I'm pretty sure the reason the car doesn't freewheel completely on throttle lift is so that the car will behave more or less like 40 years of driving an ICE car has taught me to expect. That's a lot safer -- principle of least surprise, y'know.
There's a downhill mode that makes the car recover energy more aggressively, intended for when you're coming down a mountain. If the battery fills up before you get to the bottom, it will fire up the engine as a brake. I don't know how much (if any) fuel it uses for this -- the mpg meter stays pegged at "60+", which is its highest value.
More than that. Many other Google services that used to be unrelated now require G+ to get full use of them. e.g., Google Talk became Hangouts and some of the functionality requires G+ to work.
But no, you are not required to get a G+ account even if you have other Google account based services. I still don't have one even though I do use Gmail, Google talk, etc. Those services periodically whine at me, trying to get me to sign up when I inadvertenty try to access a function that now requires G+.
Dice is going to have a lot of unused server capacity. Maybe they'll let it go cheap.
Without the value provided by the first, they're not going to make money from the second.
It's not so much that the whitespace on the side is distracting (you're right, it is) but more that because it wastes space, it makes each comment take up more vertical space and reduces the information density. That makes it harder to see the whole picture. OK, in a thread with hundreds of entries, it's hard to see the whole picture anyway, but anything that makes it worse is not helpful. The whitespace on the sides is far more destructive in this respect than collapsing the line breaks is constructive, and collapsing those line breaks makes it harder to read even if it does slightly improve the density.
And I agree with you about sigs. Up until about 2 days ago, I had never made use of the sig capability. I'd love to be able to go back to ignoring it again.
When I tested, not only did the sig not show up on the beta site, but none of the HTML I added to the post was visible either. Italics and such for emphasis.
Are you saying that in 2018 user expectations are going to be lower?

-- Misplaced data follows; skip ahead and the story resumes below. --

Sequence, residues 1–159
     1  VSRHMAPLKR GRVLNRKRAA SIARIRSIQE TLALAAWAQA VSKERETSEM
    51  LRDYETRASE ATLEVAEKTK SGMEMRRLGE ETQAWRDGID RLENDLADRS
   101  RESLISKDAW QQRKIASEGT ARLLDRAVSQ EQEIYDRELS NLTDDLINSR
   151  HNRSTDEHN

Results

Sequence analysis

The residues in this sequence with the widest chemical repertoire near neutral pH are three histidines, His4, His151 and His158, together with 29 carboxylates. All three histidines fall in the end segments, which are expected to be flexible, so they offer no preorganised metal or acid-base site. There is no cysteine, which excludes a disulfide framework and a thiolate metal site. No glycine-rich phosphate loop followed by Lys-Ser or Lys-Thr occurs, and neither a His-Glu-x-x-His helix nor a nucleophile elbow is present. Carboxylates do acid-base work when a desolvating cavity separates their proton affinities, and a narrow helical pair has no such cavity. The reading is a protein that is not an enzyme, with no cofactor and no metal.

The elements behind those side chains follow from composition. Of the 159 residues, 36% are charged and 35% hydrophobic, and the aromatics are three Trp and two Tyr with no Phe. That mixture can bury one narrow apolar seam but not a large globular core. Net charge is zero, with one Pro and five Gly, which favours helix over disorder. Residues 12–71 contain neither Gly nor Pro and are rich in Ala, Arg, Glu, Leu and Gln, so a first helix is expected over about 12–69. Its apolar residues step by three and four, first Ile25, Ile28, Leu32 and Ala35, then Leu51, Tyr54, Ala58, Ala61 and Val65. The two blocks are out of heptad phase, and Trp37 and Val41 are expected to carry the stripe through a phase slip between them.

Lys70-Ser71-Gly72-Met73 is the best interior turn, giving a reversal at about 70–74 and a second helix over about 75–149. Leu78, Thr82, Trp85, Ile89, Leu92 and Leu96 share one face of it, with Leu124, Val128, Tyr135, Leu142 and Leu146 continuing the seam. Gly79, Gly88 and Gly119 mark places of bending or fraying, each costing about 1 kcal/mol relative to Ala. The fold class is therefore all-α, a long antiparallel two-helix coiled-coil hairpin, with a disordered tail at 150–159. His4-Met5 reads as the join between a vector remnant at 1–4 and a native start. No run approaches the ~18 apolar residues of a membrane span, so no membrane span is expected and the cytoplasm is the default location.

What the trend of your new design is pointing to is a lower information density. If you believe that such low density will meet the expectation of your users, that seems to indicate you are expecting different users.
Thanks for telling us you don't want us anymore.
I've got to say that the initial post on this topic perpetuates one of the paradigms that is sticking in the craws of Slashdot users. We are not an audience. We might be users, we might be members, we most certainly are contributors. But we are not an audience.
If you persist in thinking of us that way, then you're going to get it wrong. You serve an audience differently than you serve contributing members of a community. Most of the complaints hinge on that difference.
If we were an audience, we'd be coming here for the articles. Most of the complaints are about the comment system, how difficult it is to follow a conversation, how difficult it is leave a comment, etc. I come here, most of us come here, to read what my/our fellow slashdotters have to say. The value here is the community, and the most important contributors are other members, not the site or the editors.
If you don't get that straight, then you aren't going to "get" why we're upset, so there's no chance that you'll deliver us something that we can live with. And that community is going to vanish, leaving you with nothing of value.
You can take suggestions and maybe reduce the implosion, but unless you understand *why* we're upset, you're going to be heading in fundamentally the wrong direction.